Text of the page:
El Fiscal General, Eric Holder, ha calificado la decisión del jurado en contra de Sterling como “justa y apropiada”. Según el responsable del Departamento de Justicia, “las filtraciones pusieron vidas en peligro y constituyeron una grave violación de la confianza depositada por los ciudadanos” en el agente.
El Gobierno ha asegurado durante el desarrollo de este caso que Sterling actuó por despecho tras ser despedido de la CIA en 2003. El exagente habría contactado con Risen para denunciar lo que consideraba un caso de discriminación laboral, aunque después acabó proporcionándole más información sobre el programa en el que había trabajado y que tenía como objetivo sabotear el sistema nuclear iraní.
El debate sobre la protección de reporteros ha llegado hasta el Congreso, donde se debatió la creación de una nueva ley ‘escudo’ para la prensa
El caso de Sterling cobró especial relevancia en EE UU por estar implicado un periodista del diario más importante del país y que declaró estar dispuesto a ingresar en prisión antes que revelar su fuente. Según el Gobierno, la persona de la que recibió datos para su libro ‘State of War’ siempre fue Sterling, quien no sólo dio detalles de las operaciones en las que estuvo implicado, sino que también puso en peligro a otros agentes.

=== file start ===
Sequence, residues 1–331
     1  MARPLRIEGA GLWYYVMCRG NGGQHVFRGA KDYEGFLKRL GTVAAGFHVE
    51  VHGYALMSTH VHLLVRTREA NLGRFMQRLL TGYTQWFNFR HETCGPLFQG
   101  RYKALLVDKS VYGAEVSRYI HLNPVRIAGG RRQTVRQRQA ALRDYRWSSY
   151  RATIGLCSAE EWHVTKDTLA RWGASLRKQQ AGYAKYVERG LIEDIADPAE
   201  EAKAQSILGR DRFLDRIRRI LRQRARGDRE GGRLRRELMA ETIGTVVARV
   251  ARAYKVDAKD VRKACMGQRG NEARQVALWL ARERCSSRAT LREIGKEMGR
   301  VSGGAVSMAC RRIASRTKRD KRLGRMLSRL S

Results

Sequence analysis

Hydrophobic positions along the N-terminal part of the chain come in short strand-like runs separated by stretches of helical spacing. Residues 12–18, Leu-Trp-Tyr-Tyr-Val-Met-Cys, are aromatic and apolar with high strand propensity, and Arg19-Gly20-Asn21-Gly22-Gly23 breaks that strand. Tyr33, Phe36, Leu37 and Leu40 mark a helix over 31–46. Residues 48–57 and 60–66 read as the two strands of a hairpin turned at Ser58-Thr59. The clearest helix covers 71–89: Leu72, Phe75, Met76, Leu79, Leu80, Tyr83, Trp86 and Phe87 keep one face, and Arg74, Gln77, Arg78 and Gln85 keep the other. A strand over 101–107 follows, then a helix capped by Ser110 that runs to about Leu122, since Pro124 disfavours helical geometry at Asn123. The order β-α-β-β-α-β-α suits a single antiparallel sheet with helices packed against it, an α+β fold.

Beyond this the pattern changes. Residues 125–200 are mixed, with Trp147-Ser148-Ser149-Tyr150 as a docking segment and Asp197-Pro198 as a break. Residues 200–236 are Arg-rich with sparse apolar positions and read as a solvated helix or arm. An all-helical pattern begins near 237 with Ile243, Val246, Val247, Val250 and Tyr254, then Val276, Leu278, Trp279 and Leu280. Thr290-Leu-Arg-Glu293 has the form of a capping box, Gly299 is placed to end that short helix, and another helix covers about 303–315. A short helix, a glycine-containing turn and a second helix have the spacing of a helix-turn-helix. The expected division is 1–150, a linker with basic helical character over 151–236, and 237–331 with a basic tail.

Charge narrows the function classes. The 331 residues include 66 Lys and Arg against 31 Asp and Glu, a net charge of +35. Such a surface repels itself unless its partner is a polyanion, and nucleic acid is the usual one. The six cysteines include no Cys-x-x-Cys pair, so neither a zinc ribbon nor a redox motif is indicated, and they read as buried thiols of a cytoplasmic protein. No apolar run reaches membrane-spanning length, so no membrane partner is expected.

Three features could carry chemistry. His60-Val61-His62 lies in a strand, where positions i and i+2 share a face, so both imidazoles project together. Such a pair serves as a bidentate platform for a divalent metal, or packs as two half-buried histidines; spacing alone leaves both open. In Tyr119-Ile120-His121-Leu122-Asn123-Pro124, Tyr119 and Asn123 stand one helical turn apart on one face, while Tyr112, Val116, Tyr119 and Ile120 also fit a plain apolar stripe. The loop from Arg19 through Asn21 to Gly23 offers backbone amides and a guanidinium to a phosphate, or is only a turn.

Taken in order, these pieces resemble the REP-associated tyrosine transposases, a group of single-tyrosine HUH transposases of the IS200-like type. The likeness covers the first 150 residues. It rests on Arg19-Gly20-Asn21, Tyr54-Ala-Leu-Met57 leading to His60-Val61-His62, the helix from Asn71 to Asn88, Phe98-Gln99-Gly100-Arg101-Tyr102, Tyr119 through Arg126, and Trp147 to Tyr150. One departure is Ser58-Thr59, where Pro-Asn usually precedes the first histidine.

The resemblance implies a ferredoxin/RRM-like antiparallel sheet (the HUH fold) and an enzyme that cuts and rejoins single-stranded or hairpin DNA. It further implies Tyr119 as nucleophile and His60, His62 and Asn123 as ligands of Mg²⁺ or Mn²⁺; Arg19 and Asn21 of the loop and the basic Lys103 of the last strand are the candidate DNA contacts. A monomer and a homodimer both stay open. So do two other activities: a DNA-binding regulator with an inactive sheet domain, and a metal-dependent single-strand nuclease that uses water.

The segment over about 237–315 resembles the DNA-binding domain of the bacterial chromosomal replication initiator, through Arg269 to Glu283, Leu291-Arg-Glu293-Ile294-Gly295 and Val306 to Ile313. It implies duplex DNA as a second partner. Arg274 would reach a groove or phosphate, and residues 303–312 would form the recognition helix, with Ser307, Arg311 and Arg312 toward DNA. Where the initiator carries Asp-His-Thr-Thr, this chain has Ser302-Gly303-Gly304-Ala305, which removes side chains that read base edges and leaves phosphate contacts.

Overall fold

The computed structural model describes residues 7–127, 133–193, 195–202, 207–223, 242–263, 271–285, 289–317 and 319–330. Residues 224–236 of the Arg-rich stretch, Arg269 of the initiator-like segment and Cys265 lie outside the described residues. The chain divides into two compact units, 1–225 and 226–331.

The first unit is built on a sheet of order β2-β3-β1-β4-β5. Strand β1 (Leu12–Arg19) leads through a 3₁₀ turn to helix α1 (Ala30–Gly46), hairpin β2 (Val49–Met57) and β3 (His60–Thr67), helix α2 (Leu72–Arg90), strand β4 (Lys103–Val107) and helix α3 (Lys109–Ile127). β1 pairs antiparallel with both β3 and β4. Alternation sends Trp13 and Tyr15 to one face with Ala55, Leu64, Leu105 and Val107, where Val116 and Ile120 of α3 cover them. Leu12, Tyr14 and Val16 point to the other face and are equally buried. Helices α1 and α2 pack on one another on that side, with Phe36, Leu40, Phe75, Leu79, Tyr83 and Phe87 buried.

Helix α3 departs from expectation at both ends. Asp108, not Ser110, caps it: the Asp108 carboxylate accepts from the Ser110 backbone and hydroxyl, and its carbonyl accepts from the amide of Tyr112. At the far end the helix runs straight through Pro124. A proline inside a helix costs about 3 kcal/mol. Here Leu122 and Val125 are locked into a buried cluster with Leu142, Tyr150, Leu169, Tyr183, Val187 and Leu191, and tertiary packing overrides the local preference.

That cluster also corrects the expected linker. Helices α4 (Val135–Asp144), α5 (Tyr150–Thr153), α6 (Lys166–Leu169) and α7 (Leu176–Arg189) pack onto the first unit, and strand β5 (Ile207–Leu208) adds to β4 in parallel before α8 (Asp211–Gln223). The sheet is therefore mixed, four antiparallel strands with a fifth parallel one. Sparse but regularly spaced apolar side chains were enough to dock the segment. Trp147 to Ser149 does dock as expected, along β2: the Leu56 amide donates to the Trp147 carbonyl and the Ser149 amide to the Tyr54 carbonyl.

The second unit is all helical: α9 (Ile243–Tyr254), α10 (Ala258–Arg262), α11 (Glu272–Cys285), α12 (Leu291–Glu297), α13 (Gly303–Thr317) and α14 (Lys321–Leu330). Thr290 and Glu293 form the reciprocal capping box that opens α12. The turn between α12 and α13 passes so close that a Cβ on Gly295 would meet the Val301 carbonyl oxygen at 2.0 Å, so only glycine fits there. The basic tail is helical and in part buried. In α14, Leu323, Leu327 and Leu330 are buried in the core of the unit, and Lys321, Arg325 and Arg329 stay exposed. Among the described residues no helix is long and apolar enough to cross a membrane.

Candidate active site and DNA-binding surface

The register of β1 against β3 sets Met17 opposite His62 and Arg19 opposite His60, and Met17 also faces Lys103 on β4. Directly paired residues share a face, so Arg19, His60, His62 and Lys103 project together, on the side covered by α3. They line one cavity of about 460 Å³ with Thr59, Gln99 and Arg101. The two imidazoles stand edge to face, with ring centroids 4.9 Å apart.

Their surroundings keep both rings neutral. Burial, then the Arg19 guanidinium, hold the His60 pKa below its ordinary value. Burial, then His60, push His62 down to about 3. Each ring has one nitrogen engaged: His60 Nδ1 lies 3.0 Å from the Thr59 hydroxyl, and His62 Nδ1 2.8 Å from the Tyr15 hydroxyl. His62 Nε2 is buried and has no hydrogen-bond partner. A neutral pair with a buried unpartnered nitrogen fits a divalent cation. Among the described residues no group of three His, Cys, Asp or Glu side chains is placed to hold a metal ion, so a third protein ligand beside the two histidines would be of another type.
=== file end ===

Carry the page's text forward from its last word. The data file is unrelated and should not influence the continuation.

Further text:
La negativa de Risen reabrió además un debate entre los medios estadounidenses sobre la protección de sus periodistas en casos como éste. El Gobierno no se querelló contra el escritor, pero sí le exigió que revelara su fuente. A pesar de que el derecho a la confidencialidad sobre el origen de la información está reconocido en varios países e instituciones internacionales, el Gobierno federal de EE UU no lo estipula, por lo que Risen podía haber ido a prisión.
• Agency includes investigative journalists on ‘threat’ list
• Editors call on Cameron to act against snooping on media
GCHQ’s bulk surveillance of electronic communications has scooped up emails to and from journalists working for some of the US and UK’s largest media organisations, analysis of documents released by whistleblower Edward Snowden reveals.
Emails from the BBC, Reuters, the Guardian, the New York Times, Le Monde, the Sun, NBC and the Washington Post were saved by GCHQ and shared on the agency’s intranet as part of a test exercise by the signals intelligence agency.
The disclosure comes as the British government faces intense pressure to protect the confidential communications of reporters, MPs and lawyers from snooping.
The journalists’ communications were among 70,000 emails harvested in the space of less than 10 minutes on one day in November 2008 by one of GCHQ’s numerous taps on the fibre-optic cables that make up the backbone of the internet.